TOKYO, June 24 (Reuters) - SoftBank Group Corp's
founder and Chief Executive Masayoshi Son on Friday reiterated
the Japanese conglomerate was most likely to list British-based
chip designer unit Arm on Nasdaq, while stressing no decision
has been made.
"Most of Arm's clients are based in Silicon Valley and ...
stock markets in the U.S. would love to have Arm," Son told
shareholders at the company's annual general meeting.
Son said there were also requests to list Arm in London
without elaborating on where they came from. The entrepreneur
did not say whether the conglomerate is considering a secondary
listing for Arm there.
The billionaire spent much of his presentation emphasising
the business prospects for Arm, which the company has pivoted to
listing following the collapse of an agreed sale to Nvidia
The Cambridge-based firm was listed in Britain with a
secondary listing in the United States prior to its acquisition
by SoftBank in 2016 for $32 billion.
Arm is an important source of capital for SoftBank, which
has borrowed $8 billion against the unit's shares, in addition
to procuring $13.2 billion using shares in Chinese e-commerce
giant Alibaba Group Holding Ltd in prepaid forward
Son is under pressure from shareholders as valuations of the
high-growth stocks he favours as investment targets fall and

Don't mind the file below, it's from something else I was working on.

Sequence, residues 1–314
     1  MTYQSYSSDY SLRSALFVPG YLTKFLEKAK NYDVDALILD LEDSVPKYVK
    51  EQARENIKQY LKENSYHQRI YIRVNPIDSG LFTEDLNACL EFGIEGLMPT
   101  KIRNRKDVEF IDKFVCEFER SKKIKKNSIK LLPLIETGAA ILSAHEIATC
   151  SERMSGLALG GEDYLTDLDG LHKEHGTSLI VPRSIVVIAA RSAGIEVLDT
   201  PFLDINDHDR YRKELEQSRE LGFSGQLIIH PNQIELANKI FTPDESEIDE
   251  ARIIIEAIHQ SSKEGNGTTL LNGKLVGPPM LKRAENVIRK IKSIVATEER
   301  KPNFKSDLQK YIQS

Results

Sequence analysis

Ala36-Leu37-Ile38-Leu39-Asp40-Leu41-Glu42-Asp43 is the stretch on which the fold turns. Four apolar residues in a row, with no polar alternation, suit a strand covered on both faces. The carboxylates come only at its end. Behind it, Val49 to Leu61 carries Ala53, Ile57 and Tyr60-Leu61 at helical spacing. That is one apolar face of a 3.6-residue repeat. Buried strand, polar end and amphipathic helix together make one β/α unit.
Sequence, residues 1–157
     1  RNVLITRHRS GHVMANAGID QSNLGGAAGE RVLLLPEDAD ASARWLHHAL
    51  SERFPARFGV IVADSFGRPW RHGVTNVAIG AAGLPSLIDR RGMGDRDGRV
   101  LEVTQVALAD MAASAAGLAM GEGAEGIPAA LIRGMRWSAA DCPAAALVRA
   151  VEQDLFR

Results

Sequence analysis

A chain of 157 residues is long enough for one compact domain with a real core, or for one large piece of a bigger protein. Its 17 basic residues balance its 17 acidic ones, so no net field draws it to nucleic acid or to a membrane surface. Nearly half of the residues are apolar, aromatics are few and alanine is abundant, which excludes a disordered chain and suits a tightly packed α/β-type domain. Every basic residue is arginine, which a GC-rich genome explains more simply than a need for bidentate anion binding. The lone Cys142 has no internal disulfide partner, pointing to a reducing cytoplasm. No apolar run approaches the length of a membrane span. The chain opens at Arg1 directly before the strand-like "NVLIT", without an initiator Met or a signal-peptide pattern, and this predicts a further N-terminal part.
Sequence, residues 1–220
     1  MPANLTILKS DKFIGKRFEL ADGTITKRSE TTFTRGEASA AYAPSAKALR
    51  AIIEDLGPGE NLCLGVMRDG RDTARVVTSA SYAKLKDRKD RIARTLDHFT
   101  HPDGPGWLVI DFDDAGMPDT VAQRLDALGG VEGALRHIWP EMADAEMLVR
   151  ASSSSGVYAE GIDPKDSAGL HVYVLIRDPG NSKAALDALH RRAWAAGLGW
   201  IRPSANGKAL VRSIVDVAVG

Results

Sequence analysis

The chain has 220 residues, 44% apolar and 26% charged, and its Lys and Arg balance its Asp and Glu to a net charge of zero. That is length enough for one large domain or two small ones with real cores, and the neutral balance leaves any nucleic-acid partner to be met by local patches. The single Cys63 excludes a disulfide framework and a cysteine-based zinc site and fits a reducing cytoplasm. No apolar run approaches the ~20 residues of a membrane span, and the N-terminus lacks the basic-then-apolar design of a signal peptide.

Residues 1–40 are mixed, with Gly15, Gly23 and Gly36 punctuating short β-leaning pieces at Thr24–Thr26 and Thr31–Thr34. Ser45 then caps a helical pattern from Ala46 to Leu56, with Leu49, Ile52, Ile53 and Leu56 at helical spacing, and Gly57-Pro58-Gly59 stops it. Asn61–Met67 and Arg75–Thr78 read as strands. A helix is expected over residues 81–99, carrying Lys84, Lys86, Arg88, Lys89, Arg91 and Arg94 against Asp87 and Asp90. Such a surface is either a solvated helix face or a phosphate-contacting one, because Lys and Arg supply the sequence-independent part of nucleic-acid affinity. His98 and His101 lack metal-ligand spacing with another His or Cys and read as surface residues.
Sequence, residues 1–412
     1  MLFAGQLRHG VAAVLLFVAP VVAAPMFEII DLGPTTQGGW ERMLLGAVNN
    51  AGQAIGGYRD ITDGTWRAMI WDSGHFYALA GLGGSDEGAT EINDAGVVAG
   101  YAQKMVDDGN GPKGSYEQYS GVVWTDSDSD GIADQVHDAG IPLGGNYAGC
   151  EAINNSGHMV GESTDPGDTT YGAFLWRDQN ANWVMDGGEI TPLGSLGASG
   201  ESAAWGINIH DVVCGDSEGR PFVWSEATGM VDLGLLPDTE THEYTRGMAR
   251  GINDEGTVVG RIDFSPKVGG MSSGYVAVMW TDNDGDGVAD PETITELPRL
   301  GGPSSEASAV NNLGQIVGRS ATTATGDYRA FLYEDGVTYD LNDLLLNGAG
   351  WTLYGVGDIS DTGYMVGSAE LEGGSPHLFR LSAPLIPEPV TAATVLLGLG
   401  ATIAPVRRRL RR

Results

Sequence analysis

interest rates rise, with SoftBank's Vision Fund unit reporting
a record loss in May.
SoftBank's shares have fallen by around a third since last
year's annual general meeting. Son called on shareholders to
take the long view on the company.
"Peaches and chestnuts take three years and persimmons take
eight years, even fruit takes that long," Son said, quoting a
Japanese proverb. "I'm confident if you wait five to 10 years
there will be something delicious."
More than 40 years after founding the company, Son asserted
his continuing fitness for his role as one of Japan's highest
profile business leaders, joking that even if he can no longer
drive as far on the golf course, he still isn't losing games.
"I'm still full of enthusiasm, confidence and dreams," the
64-year-old told shareholders.
"It's only my hair that's in retreat," Son said.
(Reporting by Sam Nussey; Editing by Kenneth Maxwell)